MINNEAPOLIS (WCCO) — New technology has improved traffic signal timing on Hiawatha Avenue, helping drivers spend less time at red lights, the city of Minneapolis says.
The technology, which wasn’t available when the light-rail service began in 2004, has slashed the longest wait times in half.
On Hiawatha Avenue, the light-rail runs parallel to the road and doesn’t stop at intersections. The old technology had traffic signal cycles starting over every time a train passed through, leaving some drivers frustrated over having to wait for another cycle to get a green light.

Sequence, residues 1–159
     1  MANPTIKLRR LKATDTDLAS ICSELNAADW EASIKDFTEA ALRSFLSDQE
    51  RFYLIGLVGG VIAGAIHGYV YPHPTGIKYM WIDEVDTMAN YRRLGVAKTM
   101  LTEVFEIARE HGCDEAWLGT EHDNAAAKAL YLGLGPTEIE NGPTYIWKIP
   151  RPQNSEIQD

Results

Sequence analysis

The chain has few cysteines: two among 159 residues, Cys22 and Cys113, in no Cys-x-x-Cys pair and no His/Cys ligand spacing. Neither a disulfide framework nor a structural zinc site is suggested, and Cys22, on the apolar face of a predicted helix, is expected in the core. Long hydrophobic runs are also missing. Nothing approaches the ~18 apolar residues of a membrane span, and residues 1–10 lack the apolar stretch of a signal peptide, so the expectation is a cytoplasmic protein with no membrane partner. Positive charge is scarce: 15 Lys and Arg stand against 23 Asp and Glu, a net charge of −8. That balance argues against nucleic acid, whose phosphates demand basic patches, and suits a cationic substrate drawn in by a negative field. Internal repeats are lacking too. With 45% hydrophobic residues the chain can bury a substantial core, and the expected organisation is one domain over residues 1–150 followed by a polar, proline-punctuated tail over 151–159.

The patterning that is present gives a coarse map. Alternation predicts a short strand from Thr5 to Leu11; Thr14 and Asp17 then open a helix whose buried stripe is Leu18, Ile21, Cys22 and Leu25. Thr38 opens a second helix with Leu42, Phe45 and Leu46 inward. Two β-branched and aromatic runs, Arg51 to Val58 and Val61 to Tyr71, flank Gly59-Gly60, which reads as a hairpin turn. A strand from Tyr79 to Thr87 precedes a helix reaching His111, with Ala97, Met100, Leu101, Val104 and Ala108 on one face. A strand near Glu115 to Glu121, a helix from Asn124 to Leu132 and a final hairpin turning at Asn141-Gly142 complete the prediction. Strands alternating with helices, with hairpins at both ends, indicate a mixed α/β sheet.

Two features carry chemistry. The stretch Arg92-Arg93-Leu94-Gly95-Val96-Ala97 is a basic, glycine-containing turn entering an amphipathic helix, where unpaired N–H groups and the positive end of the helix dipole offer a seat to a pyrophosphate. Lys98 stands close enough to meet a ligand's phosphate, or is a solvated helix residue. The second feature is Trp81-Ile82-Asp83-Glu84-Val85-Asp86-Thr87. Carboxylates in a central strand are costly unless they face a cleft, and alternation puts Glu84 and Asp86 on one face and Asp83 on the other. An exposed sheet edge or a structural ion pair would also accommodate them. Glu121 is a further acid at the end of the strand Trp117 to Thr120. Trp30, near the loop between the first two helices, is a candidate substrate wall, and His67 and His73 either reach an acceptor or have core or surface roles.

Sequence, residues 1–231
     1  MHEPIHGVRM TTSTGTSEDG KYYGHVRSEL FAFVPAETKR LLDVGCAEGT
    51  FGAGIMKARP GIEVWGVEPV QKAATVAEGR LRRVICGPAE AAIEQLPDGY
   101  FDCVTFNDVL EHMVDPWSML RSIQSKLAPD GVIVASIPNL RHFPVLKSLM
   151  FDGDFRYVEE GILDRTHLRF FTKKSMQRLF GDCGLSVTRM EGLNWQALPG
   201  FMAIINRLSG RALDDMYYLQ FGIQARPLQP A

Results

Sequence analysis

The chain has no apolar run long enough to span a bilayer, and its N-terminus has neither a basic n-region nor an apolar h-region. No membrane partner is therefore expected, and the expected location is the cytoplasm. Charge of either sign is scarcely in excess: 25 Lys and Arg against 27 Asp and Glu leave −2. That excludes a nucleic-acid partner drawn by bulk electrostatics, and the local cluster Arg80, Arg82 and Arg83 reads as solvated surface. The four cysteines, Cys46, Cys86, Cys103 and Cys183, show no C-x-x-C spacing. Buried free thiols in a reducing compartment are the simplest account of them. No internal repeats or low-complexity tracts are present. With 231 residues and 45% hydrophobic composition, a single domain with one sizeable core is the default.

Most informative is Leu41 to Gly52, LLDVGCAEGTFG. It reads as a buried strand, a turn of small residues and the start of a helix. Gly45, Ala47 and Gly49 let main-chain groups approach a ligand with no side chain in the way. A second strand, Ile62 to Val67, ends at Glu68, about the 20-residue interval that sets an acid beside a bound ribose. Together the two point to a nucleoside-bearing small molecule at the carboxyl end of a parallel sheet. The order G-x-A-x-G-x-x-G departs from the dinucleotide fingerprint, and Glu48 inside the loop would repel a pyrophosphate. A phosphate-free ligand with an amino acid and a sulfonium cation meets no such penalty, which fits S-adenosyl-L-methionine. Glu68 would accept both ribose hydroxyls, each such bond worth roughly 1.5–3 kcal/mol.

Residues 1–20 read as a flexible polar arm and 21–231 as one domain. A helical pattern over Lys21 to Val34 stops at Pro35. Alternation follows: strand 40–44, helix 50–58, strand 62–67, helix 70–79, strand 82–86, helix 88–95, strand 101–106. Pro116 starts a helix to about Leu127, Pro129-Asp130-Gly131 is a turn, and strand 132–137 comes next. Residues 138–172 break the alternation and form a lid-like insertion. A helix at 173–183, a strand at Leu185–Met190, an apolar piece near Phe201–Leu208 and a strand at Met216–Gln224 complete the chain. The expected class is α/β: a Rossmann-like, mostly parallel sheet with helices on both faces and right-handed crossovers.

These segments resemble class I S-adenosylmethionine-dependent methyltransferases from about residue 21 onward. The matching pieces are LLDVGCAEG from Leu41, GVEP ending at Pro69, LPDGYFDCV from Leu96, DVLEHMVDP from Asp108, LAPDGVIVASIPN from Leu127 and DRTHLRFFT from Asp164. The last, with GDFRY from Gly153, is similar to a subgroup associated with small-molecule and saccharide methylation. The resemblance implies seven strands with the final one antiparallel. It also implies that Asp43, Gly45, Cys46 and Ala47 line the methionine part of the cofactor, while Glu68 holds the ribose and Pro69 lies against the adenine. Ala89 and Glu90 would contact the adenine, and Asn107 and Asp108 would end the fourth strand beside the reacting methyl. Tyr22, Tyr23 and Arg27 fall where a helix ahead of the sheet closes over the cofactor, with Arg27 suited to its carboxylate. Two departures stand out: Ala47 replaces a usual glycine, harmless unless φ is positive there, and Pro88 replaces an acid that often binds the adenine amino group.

The new system takes in takes into consideration driver wait times whenever light-rail trains come through. Once the trains pass, vehicles that have waited the longest behind red lights will get green lights sooner.
The city engineers’ results show that the longest wait times have been drastically reduced:
- The number of red-light waits lasting more than two minutes dropped by 50 percent.
- The maximum recorded delay has gone down from 11 minutes before the project to four minutes.
In addition to these improvements, the new traffic management system skips a phase if there are no vehicles waiting.